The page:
Vulnerability is probably the hardest aspect of being a disciple maker, at least to me. For my entire life, I have had high expectations put on me, producing crippling anxiety every time I failed fearing that people would see the real me, the failure. I strove for perfectionism in everything. I thought if people thought I was perfect, they would like me, and therefore more people would want to know Jesus.
Truthfully, this mindset just made me anxious and self-hating all the time. It came to a point where I struggled to sleep, placed unwarranted expectations on those around me, and ultimately nearly burned out in ministry entirely.
Why Ministry Leaders are Prone to People-Pleasing
I don’t think my story is all that uncommon. People pleasing is a trap many ministry leaders fall into. We fear upsetting people and then having those people leave our church or ministry because—let’s be honest—oftentimes believers (wrongly) believe that more numbers equals more success. But that mindset turns ministry into a business transaction in which we have to sell Jesus to those around us, and if we don’t meet our quota for the month, we have failed as Christian leaders.
Another reason people-pleasing is an easy trap for ministry leaders is because the church often confuses people-pleasing tendencies with being good servants. I can’t tell you how many times I’ve been told I have a “servant’s heart” for saying yes every time I was asked by someone to do something. In reality, I struggled with saying no for fear of disappointing them, offending them, or worse, something not getting done because I said no.
The truth is that both of these are lies from the enemy to distract us and keep us bogged down in the good things instead of thriving in the great things that Christ is calling us to.
An Alternative to People-Pleasing
How do we combat these lies? With the truth of course! So the question now is: what is the truth? I propose there are three truths that can help set us free from people-pleasing and usher us into the freedom and joy of a ministry built on honesty and vulnerability.
We are human.
The first truth will be a newsflash: we are human. Because we are human, we are finite, which means we have to live within boundaries to be healthy. This means we must know our limits. Each of us will have different limits in different seasons.
I have developed the habit of asking myself five questions before agreeing to anything:
- Do I have time in my schedule to do this well?
- Will I have to sacrifice time with those that are important to me to do this?
- Will this bring the most glory to God?
- Will agreeing to this hurt me in any way- mentally,emotionally, spiritually or physically?
- What do the ones closest to me think about this?
As I work through those questions, I seek out the Lord in prayer. Then I make a decision. This doesn’t take as long as it sounds; I usually make a decision within a day of being asked. The process helps me remember that I am human. My job is not to do everything people call me to do but to do only the things God is calling me to do."My job is not to do everything people call me to do but to do only the things God is calling me to do." -Christina Boatright #collegiatedisciplemaker #threetruths Click To Tweet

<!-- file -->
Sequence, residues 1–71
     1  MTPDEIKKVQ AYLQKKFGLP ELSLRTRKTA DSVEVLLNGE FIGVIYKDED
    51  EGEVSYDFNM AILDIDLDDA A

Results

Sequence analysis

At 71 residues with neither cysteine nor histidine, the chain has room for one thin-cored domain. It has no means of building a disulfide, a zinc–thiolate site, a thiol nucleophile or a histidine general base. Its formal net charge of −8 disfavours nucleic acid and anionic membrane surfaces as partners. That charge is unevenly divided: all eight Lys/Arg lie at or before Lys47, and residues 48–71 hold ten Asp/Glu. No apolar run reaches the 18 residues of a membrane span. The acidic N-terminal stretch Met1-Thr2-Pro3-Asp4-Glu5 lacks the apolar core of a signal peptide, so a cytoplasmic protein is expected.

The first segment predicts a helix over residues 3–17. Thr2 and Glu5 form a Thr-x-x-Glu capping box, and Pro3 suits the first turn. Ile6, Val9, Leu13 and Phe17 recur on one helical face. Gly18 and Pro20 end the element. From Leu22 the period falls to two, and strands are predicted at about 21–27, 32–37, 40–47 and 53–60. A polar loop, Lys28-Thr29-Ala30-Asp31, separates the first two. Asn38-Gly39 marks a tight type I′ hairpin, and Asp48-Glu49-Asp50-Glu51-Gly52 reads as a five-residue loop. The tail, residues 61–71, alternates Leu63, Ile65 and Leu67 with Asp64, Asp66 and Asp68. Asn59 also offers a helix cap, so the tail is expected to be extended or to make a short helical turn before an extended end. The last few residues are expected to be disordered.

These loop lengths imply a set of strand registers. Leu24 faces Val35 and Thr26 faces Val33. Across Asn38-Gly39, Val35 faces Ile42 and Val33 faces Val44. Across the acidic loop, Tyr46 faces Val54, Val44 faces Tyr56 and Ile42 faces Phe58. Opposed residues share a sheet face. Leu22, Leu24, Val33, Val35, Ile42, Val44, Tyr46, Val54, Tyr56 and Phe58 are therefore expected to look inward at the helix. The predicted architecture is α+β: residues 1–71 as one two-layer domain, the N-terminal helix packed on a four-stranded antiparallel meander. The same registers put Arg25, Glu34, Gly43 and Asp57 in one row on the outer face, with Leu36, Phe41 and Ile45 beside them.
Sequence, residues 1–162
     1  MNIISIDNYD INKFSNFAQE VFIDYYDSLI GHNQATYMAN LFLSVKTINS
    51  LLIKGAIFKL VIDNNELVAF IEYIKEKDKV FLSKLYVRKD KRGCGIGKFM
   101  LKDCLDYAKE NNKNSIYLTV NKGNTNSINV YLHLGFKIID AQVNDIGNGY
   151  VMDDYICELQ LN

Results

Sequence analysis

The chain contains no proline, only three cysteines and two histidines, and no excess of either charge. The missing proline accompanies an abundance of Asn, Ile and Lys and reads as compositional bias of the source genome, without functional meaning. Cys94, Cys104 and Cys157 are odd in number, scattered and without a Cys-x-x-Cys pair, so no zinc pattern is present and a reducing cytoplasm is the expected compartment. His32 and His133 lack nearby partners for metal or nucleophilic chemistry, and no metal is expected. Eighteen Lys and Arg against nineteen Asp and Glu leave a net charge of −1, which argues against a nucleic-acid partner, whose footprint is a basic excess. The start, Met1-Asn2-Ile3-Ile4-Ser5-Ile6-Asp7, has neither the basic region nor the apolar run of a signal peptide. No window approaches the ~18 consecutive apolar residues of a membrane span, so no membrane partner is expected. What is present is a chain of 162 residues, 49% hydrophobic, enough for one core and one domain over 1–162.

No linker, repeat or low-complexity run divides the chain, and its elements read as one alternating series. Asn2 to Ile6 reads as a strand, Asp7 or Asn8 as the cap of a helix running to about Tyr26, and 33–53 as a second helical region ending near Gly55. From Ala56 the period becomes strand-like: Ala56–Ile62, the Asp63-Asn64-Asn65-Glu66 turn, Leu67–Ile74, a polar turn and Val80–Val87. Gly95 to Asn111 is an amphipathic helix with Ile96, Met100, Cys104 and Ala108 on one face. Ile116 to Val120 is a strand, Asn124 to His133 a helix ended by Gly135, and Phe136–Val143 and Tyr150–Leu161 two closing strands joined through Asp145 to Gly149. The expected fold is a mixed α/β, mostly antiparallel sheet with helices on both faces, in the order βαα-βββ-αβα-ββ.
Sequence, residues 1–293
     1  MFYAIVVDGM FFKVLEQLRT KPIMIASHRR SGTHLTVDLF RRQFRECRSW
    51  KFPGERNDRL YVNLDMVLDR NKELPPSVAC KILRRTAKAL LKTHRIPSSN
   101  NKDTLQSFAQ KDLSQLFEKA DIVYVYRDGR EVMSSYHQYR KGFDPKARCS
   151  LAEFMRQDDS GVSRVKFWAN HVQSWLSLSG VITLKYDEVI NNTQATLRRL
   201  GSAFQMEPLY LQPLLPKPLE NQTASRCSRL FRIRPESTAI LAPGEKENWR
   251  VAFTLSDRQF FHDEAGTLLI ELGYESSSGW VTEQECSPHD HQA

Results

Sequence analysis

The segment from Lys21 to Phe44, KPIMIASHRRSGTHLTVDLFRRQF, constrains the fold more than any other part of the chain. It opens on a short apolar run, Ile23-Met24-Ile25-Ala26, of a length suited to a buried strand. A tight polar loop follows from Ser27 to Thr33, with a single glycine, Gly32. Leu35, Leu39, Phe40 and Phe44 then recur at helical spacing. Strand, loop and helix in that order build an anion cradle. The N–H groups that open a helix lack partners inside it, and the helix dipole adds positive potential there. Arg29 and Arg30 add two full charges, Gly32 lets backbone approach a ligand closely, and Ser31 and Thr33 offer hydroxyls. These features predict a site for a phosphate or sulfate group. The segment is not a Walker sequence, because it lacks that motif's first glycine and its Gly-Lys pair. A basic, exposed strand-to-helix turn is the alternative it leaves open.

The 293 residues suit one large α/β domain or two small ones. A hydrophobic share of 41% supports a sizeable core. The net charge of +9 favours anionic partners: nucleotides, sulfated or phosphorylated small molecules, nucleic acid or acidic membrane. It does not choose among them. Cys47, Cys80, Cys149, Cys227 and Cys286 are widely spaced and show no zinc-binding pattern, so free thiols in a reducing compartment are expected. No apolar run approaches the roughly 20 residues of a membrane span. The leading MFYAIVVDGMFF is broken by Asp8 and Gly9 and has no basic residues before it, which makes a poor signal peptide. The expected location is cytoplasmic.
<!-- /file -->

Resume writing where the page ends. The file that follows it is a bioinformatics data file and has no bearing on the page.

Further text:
Only One Opinion Matters
The second truth is that only one opinion truly matters—God’s. The people we are trying to please are people whose opinions don’t matter anyway. At one time in my ministry, I kept a sign-in list for our free Wednesday lunches. The churches that volunteered saw it as a competition of who got more students. I received negative feedback from some of them if the numbers were low, sometimes even hurtful comments. That’s when I decided no more sign-in sheet; I could keep track of estimated amounts of food without it.
I have never felt so free than when I got rid of that! Did I have some unhappy churches about that decision? Oh yeah. Did I allow it to affect my decision? Absolutely not. I had to do what was best for this ministry and for my own mental health.
It’s incredibly freeing when you remember there’s only One whose opinion matters, and His opinion of us isn’t based on our own efforts and goodness but on Christ’s!
God Never Fails
The final truth that can set you free from people pleasing in ministry is that you are going to fail, but God never does.
I am open and honest with my students about my shortcomings so they can see that even if they fail God doesn’t fail them. This is important in discipleship. Those whom we are discipling need to know that they aren’t going to be perfect at everything but that God is faithful even in their failings. They will learn this by seeing our shortcomings and failures so that they are drawn to worship and depend on God, not us. This kind of honest vulnerability creates much healthier relationships and ministries with a culture of grace and freedom instead of a culture of perfectionism, competition, people-pleasing, obligatory service, and shaming.
The Balance Beam of Ministry
Keeping a healthy balance in ministry is all about being humble enough to know your limits, choosing to care about God’s opinion more than others, and being content with failure. I personally have had far more fruit with honesty and vulnerability in faith than I ever had with people-pleasing and perfectionism.
The Lord is faithful to us. He knows what He has called you to; you can trust Him. He wants heartfelt obedience to Him more than He wants false sacrifice as a guise for people-pleasing. You don’t have to be obedient to be sacrificial, but all obedience requires some sacrifice. I choose to live in obedience, and this means that I have to sacrifice my fears, my idol of people-pleasing, and the lies of the enemy to do that—and so do you.